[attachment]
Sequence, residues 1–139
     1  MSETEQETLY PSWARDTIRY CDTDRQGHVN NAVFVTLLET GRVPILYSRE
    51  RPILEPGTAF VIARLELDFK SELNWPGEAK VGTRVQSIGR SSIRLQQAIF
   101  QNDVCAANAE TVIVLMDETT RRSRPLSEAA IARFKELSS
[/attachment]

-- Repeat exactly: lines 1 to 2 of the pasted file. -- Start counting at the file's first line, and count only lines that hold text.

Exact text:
Sequence, residues 1–139
     1  MSETEQETLY PSWARDTIRY CDTDRQGHVN NAVFVTLLET GRVPILYSRE